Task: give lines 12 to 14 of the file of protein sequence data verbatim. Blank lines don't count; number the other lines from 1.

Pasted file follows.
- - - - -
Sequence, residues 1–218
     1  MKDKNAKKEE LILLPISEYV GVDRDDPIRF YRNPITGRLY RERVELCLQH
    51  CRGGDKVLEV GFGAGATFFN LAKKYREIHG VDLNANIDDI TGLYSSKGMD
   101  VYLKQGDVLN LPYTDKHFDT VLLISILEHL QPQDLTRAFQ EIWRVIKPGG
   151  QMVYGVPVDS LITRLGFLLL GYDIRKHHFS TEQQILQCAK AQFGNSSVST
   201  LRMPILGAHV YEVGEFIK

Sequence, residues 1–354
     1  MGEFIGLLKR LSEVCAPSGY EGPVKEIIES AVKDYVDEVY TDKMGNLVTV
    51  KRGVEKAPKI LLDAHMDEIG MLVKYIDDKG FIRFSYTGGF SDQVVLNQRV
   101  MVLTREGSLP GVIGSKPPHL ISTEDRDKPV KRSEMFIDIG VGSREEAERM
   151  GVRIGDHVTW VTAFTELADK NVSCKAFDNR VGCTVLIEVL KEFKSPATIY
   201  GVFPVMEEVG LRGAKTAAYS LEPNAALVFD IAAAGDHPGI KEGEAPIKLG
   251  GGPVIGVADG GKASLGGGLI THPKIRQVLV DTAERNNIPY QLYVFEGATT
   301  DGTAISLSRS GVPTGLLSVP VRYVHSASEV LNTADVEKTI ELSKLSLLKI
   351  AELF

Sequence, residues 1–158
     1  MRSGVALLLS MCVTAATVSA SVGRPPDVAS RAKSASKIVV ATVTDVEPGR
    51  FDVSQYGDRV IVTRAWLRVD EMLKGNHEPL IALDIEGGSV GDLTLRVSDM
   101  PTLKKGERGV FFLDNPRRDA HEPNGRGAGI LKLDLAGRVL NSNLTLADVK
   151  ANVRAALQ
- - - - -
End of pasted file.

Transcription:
   201  GVFPVMEEVG LRGAKTAAYS LEPNAALVFD IAAAGDHPGI KEGEAPIKLG
   251  GGPVIGVADG GKASLGGGLI THPKIRQVLV DTAERNNIPY QLYVFEGATT
   301  DGTAISLSRS GVPTGLLSVP VRYVHSASEV LNTADVEKTI ELSKLSLLKI